Things to know before baking sourdough

Homemade sourdough isn’t easy, but it’s one of the most rewarding things I’ve ever cooked. It takes some time to prepare, but is actually based on some fairly simple steps. When it all comes together the end result is delicious, satisfying and easily repeatable.

Here, I’ve listed out some top tips that I wish I knew before I baked my first sourdough

  1. Timing your starter feeds is critical: You probably know that to bake a sourdough you’ll need a “starter”, a living culture made of fermenting flour and water. What you may not know is the importance of timing your starter’s feeds before you bake. If I’m baking on one day, I will make sure that the day before my starter is very hungry, then feed it in the evening, so that it’s about twice its usual size before a bake. If your starter is in a rapid growth phase, it’s primed to keep expanding as you add more flour and water
  2. Don’t miss out on the autolyse: Bread baking really comes down to mixing water, flour and your starter and slowly managing the rise over a long period of time. The autolyse is an important step where you first mix just the flour and water. This builds up the strength of your dough, without it having to rise with the aid of the starter
  3. Understand the phases of sourdough production: Before starting, make sure you’re familiar with the starter feed, the autolyse, the bulk fermentation, the final proofing stage and the bake. Without each of these, you won’t end up with the perfect bread.
  4. Don’t rip or knead your dough: Because sourdough goes through a slow and steady rise, it builds up its own strength over time, and the gluten strands in the dough slowly build up. Kneading or tearing your loaf will damage these strings of gluten and make your dough less strong when you come to bake it. This basically means more air can escape and you will get less of it staying in the loaf and helping it rise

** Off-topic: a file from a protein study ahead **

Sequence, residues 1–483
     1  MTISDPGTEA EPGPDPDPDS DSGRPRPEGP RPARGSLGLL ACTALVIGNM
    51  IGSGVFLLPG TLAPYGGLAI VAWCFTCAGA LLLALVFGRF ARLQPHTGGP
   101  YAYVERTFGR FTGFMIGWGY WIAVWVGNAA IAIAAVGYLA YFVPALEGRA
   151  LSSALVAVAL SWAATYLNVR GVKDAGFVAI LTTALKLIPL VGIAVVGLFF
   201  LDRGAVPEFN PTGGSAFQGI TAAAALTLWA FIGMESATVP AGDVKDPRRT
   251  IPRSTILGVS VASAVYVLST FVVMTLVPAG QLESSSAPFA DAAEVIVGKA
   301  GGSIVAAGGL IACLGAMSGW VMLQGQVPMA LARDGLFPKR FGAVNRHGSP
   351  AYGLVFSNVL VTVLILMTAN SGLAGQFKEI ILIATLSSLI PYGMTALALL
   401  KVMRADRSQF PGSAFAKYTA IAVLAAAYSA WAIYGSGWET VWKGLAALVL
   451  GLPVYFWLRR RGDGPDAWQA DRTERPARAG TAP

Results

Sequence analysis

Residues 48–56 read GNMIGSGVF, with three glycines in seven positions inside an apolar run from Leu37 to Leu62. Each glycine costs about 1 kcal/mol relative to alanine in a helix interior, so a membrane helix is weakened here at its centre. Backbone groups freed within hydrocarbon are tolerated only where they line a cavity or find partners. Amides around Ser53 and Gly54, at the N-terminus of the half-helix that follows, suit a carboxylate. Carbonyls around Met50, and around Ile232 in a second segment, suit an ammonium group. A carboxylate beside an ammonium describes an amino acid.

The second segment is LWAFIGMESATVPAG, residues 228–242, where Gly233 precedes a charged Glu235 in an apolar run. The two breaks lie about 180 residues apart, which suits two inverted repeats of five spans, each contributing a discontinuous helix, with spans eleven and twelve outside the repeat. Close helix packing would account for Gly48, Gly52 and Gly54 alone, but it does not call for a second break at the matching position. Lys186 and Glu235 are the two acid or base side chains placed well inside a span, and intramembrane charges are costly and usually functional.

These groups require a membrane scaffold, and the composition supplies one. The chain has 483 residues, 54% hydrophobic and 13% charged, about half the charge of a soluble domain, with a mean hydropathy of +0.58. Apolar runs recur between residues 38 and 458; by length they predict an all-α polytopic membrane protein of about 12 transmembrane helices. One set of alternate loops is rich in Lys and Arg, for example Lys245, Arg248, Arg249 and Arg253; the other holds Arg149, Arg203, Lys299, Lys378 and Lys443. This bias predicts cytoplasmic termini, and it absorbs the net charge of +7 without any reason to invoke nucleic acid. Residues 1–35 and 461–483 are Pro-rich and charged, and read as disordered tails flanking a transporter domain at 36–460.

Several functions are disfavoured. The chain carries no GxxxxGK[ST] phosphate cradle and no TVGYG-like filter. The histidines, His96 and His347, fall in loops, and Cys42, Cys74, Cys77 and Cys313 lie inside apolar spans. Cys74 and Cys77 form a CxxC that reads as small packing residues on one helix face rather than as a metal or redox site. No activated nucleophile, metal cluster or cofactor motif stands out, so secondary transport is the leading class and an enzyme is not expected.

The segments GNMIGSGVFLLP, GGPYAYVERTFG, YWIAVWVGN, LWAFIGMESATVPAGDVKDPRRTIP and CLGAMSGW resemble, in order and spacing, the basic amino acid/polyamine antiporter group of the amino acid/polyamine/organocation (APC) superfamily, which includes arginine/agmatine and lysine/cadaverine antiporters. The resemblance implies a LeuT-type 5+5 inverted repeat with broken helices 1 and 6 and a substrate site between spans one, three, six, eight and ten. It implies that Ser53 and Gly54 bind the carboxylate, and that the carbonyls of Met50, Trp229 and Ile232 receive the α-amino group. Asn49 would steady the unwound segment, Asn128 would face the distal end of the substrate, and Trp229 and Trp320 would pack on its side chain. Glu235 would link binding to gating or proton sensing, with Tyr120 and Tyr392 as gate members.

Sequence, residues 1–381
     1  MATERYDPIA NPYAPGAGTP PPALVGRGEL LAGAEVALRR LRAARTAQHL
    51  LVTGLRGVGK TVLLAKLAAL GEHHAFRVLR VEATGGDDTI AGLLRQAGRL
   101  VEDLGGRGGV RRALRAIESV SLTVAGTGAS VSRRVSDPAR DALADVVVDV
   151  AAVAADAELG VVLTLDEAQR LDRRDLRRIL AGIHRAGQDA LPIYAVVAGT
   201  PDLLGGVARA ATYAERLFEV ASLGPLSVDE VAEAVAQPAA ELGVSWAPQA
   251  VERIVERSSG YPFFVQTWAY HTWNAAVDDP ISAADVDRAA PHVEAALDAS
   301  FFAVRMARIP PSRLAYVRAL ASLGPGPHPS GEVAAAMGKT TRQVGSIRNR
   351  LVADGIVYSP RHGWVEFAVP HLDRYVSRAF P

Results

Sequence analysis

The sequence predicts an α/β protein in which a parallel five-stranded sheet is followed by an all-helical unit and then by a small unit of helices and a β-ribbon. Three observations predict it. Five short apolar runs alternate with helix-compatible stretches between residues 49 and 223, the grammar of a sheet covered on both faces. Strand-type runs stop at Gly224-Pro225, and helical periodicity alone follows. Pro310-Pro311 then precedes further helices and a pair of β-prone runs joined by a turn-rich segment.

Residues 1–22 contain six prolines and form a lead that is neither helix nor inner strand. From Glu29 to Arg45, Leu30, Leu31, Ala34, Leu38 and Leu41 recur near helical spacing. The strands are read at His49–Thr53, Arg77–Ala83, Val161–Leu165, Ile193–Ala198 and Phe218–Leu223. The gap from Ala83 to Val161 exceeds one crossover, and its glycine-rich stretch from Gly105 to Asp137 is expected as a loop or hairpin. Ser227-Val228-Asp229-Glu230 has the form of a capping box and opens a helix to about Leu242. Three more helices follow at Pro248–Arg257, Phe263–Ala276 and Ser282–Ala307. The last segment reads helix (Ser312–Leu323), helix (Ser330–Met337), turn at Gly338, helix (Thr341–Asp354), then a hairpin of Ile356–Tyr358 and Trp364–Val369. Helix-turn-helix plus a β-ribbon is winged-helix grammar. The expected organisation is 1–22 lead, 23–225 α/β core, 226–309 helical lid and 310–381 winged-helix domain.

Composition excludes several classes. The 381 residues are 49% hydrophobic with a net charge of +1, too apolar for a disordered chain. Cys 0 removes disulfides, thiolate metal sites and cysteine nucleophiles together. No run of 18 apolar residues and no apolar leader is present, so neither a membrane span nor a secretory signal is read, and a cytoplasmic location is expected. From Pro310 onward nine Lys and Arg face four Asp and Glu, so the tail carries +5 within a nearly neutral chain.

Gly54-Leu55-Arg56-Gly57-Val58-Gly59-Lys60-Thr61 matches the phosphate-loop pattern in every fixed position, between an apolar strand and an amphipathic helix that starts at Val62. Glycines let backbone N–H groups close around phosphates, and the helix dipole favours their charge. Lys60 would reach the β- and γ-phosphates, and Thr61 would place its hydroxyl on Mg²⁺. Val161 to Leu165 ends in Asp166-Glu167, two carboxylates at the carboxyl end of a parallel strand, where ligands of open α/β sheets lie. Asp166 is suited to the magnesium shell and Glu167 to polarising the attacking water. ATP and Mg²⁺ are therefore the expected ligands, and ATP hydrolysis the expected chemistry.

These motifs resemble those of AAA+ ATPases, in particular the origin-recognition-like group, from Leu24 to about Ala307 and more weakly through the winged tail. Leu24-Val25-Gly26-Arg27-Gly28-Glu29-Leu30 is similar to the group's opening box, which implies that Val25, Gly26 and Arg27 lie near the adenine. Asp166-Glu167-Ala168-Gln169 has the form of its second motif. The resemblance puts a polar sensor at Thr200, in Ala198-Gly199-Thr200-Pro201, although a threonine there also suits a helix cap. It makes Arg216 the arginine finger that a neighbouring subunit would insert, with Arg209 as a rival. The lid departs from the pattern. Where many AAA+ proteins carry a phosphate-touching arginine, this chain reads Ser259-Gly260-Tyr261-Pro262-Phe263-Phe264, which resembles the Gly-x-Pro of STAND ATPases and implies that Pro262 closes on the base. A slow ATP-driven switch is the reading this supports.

5. The right Hydration is very important: Hydration is a key concept to understand when baking sourdough. It refers to the ratio of water to flour. If you use too much flour, your dough will be tough and dry. Too much water and it’ll be floppy and won’t keep its shape. Get it right and you’ll have an airy, moist and delicious bread. I aim for about 76% hydration, but as a general rule, start off with a lower hydration (more flour) and ease into managing with higher moisture content
  6. Cover your sourdough when you cook it: The perfect environment for bread to rise is a moist, hot one. This allows the gluten to extend without breaking, meaning the air stays trapped in and the bread grows fast. Commercial ovens have the option of steaming, but you can’t do that in your kitchen. What you can do, though, is put your loaf in a pan with a lid as it cooks. What this means is that as the bread cooks, the moisture escapes then stays close to the bread. It basically steams itself and comes out delicious
  7. Understand how to stretch and fold: This is an important concept during the bulk fermentation phase, referring to how you pick up and then place down your dough and slowly add strength to it.

I hope you’ve found this a useful article. I certainly wish people told me this before I first gave it a go.

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